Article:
Summary of Ending Too Big to Fail: Lessons from Continental Illinois

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Ending Too Big to Fail: Lessons from Continental Illinois summary
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Since the 2008 financial crisis, regulators have crafted a complex blueprint to mitigate banks’ interconnectedness, high-risk business activities and size. Yet the circumstances responsible for the 1984 failure of Continental Illinois National Bank and Trust Company suggest that the rules in place today may not be adequate to prevent another systemic financial crisis, according to Atlanta Fed executive director Larry D. Wall. getAbstract recommends his relevant, solidly researched and accessible article on the issue of too big to fail to policy makers and bankers.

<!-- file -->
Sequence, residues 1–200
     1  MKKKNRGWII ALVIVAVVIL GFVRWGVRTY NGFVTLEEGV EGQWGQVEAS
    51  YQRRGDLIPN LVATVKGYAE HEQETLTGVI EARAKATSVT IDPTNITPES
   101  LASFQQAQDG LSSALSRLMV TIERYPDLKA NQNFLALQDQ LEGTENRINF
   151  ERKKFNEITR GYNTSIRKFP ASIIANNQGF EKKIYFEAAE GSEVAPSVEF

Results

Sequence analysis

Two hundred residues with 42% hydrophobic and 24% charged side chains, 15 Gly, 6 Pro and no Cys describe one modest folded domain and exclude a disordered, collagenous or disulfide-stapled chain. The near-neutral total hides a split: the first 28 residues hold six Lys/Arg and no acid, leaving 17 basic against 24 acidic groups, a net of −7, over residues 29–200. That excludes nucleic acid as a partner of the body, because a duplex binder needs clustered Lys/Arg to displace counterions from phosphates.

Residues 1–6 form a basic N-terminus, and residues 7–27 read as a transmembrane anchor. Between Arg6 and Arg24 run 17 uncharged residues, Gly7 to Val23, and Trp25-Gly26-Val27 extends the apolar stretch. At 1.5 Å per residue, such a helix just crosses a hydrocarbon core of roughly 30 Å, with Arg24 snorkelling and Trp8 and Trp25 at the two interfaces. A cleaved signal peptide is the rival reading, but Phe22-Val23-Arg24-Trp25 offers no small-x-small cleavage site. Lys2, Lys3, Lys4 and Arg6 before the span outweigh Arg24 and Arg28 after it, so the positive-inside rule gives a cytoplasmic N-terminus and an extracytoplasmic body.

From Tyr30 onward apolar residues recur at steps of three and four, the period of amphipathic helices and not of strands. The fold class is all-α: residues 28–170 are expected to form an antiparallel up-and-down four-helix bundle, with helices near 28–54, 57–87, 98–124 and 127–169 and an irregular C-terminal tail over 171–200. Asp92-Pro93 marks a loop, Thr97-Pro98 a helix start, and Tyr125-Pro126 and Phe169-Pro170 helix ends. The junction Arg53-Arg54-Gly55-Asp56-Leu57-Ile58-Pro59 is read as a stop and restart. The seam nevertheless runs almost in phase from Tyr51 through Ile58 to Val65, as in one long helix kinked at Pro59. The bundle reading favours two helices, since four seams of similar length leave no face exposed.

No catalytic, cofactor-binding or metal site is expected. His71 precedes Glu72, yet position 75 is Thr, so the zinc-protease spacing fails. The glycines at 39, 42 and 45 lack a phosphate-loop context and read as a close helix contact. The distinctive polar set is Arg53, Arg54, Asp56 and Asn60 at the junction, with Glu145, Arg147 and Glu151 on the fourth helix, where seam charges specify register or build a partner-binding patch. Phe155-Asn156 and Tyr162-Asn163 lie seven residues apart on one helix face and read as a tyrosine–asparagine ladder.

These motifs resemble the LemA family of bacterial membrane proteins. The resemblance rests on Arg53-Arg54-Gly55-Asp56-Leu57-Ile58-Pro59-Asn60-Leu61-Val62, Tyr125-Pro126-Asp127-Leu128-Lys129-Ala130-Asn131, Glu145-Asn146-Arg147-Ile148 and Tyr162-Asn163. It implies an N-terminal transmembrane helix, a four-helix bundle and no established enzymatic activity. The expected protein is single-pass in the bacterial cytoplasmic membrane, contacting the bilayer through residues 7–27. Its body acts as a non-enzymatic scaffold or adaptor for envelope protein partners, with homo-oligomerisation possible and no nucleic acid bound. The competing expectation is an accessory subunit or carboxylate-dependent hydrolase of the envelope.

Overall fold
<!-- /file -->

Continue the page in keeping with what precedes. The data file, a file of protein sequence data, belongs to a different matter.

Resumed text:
About the Author

Larry D. Wall is an executive director at the Federal Reserve Bank of Atlanta.



The notion of banks becoming too big to fail (TBTF) originated as a public policy concern more than three decades before the 2008 financial crisis. Legislative attempts to address TBTF either have failed or have yet to prove their mettle. The 1991 Federal Deposit Insurance Corporation Improvement Act didn’t prevent the 2008 crisis. The Dodd-Frank Wall Street Reform and Consumer Protection Act of 2010 (DFA) has added arrows to the supervisory quiver, yet it may not provide sufficient armament to stave off a future crisis. Would DFA provisions have precluded the 1984 bailout of the Continental Illinois National Bank and Trust Company...

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